Op-ed: Cold weather, cold heart

  • By Bob Franken
  • Tuesday, January 26, 2016 3:19pm
  • Opinion

Just to set the tone, I despise winter. This is being written as I sit in my Washington house looking through the window at two feet or so of snow, snarling at anyone who says it’s a pretty winterscape. There is no such thing.

There are those who insist that they really like to live where there are four seasons, but not me. I’m a three-season guy — or less. But being imprisoned does give one time to think.

First of all, I have some sympathy for the municipal officials here who rarely get snow removal right. It’s not like we’re in an uninhabitable location, like Canada, Chicago or Cleveland, where frigid climate is routine. Those locations can maintain huge inventories of heavy equipment that are almost as large as the fleets of tanks and armored vehicles that their police departments receive from Pentagon war surplus.

In more temperate places like D.C. — and by that I’m speaking in meteorological terms, because there’s nothing else temperate here — it would be considered a waste of money to stockpile enough equipment to deal with the occasional deluge, or “Snowzilla,” as they’re calling this one. There are better ways to waste money. So the truth is, they can’t really be prepared for harsh weather, unless they turned these figurative law enforcement swords into plows. Which isn’t a bad idea.

The truth is, there are far worse examples of contemptible dysfunction by government, from both the elected officials and the bureaucrats who make things work or far too often, prevent them from working. I’m thinking of Flint, Michigan, where officials have poisoned the mostly poor, mostly minority children of that city because the powerful were too arrogant or too lazy to deal with the lives of the nonpowerful. Instead they were dismissive of repeated warnings. As a result, thousands of kids may face a lifetime dealing with the permanent effects of lead in their bodies, including developmental disabilities. And let’s face it, a reason our medical researchers have not found cures for these maladies is that they largely affect the underprivileged, meaning the voiceless in our so-called democracy.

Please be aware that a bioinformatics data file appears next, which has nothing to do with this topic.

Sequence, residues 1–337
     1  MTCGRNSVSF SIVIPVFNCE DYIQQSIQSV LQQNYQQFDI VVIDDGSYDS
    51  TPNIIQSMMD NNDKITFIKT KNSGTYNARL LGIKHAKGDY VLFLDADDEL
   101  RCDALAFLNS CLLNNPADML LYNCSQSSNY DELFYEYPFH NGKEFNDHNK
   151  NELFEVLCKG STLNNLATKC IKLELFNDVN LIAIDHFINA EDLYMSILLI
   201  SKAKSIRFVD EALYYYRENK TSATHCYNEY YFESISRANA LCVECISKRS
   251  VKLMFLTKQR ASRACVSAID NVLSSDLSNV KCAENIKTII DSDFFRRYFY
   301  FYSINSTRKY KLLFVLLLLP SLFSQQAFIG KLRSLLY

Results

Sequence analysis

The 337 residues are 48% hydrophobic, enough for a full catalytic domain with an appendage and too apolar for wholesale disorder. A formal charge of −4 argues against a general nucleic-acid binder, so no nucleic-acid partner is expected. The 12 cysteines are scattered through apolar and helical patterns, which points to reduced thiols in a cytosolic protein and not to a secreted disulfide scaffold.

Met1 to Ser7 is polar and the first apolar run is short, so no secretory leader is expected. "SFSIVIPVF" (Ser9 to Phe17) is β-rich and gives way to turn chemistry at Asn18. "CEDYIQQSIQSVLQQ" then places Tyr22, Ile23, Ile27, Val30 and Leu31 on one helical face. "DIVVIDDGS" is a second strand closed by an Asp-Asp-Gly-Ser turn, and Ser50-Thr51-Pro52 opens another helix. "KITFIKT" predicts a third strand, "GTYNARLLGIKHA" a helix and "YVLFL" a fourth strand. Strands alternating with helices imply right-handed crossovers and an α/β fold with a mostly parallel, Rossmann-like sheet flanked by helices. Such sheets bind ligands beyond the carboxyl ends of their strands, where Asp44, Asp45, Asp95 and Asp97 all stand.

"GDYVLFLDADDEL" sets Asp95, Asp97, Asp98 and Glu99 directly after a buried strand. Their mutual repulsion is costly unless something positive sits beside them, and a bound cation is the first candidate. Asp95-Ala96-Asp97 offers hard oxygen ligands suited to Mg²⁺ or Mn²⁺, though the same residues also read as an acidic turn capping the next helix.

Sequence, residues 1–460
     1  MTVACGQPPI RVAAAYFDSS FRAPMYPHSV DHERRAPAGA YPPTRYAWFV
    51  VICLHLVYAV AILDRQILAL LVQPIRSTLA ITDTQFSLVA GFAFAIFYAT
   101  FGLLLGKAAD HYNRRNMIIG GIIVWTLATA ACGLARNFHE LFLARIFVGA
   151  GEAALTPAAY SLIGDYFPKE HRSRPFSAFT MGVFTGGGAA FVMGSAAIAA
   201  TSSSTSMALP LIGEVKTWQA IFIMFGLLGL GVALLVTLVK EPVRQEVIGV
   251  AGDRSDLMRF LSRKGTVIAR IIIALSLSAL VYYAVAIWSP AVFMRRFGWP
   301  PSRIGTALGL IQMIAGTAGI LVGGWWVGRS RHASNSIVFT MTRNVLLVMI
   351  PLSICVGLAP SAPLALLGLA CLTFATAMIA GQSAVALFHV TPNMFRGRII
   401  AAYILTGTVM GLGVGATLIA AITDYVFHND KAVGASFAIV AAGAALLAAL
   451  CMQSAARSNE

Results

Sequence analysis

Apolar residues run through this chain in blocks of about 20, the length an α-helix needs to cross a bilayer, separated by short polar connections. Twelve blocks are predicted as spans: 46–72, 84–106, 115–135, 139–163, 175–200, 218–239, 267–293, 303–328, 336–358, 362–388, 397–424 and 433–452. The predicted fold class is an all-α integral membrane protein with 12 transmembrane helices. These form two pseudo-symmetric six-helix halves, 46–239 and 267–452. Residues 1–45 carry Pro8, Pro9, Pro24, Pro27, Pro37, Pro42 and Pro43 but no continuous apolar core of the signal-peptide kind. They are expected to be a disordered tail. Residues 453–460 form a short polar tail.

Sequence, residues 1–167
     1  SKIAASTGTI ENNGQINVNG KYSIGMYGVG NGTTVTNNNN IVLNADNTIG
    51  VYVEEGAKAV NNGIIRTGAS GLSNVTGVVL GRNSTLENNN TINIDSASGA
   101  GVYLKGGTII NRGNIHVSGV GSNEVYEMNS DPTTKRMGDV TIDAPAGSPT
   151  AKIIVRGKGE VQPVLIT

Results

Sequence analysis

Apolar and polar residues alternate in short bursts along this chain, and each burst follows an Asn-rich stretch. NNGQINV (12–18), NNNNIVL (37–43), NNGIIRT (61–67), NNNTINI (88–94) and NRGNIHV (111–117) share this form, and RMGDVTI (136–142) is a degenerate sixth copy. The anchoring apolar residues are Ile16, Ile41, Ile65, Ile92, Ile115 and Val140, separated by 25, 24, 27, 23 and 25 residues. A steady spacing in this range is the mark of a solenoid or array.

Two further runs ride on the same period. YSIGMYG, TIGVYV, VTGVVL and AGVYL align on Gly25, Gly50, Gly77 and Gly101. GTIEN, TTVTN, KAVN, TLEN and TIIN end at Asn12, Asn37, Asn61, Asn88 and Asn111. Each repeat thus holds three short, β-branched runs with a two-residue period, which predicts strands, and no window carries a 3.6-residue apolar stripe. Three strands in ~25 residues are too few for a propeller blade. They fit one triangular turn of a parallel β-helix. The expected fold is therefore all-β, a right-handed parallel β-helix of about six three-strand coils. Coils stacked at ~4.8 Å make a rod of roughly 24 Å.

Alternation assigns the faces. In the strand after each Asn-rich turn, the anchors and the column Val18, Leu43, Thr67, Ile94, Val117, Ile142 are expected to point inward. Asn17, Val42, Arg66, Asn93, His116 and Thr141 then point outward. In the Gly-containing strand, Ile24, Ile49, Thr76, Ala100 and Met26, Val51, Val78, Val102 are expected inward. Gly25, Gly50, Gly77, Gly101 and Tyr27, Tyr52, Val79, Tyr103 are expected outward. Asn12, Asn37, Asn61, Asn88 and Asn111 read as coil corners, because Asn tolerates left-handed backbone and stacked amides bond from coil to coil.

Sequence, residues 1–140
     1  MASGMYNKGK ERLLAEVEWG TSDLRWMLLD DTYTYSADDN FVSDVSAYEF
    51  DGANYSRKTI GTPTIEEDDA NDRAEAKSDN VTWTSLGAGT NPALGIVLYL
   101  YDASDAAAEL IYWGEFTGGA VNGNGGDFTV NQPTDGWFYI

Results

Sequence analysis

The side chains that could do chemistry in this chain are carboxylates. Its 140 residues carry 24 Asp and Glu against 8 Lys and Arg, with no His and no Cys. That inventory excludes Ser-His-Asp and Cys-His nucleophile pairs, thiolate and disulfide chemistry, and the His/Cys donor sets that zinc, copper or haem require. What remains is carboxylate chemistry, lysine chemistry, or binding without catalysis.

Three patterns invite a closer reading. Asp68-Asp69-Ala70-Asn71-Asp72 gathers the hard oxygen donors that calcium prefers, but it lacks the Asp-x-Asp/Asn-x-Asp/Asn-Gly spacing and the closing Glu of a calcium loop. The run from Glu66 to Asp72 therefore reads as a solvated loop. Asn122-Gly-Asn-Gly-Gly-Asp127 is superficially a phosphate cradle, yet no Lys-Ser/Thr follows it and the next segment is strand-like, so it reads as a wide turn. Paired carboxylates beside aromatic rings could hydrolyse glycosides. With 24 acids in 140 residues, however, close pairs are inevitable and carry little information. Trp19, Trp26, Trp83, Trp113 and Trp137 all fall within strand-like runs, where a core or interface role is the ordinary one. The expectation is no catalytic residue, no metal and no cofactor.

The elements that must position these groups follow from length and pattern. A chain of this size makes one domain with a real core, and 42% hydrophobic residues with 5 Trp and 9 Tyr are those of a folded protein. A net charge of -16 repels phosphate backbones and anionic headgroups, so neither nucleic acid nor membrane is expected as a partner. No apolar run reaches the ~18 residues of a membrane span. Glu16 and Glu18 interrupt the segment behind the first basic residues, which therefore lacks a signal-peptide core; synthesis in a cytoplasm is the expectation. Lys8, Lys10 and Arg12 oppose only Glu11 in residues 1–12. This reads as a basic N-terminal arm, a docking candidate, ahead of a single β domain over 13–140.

This democracy is going through its quadrennial freak show right now, where we pretend that the people choose our leaders, It’s grotesque right now, with Ted Cruz and Donald Trump duking it out to determine the Republican standard-bearer along with an undercard of lesser candidates, some sane, some unhinged. Right now we’re hearing that in spite of their fears of a Donald Trump campaign that’s fueled by bigotry and enabled by those of us in media, the GOP elders are talking about embracing Trump. It seems that they find Cruz even more obnoxious, which is saying a lot. While they have been repelled by The Donald, they’ve determined that maybe they can deal with him if he becomes unstoppable. They might have to if they are going to maintain their privileged positions. Who cares about principle?

But now there’s another who might ride to their rescue. Michael Bloomberg, the billionaire, ex-New York mayor has let it leak that he’s exploring the feasibility of his running as an independent, welcomed not just by our super-wealthy rulers in banking and finance, but by moderates in both parties who are put off not just by the Trumpster or Cruzmissile, but by Hillary Clinton and especially Bernie Sanders.

Personally, I don’t think he has a chance. On the right, he is despised for his aggressive advocacy of gun control and abortion rights. There also are reasons for those on the left to reject him. Besides being a champion of his fellow plutocrats, he was a big supporter, as New York mayor, of the city’s police “Stop and Frisk” police tactics thrown out by the courts.

Right now he’s just putting himself out there. The others are taking their ego trips through Iowa and New Hampshire for real. As cold as both states are, I’m certain the candidates, if they were honest, hate winter as much as I do. They won’t. They aren’t.

Bob Franken is a longtime broadcast journalist, including 20 years at CNN.

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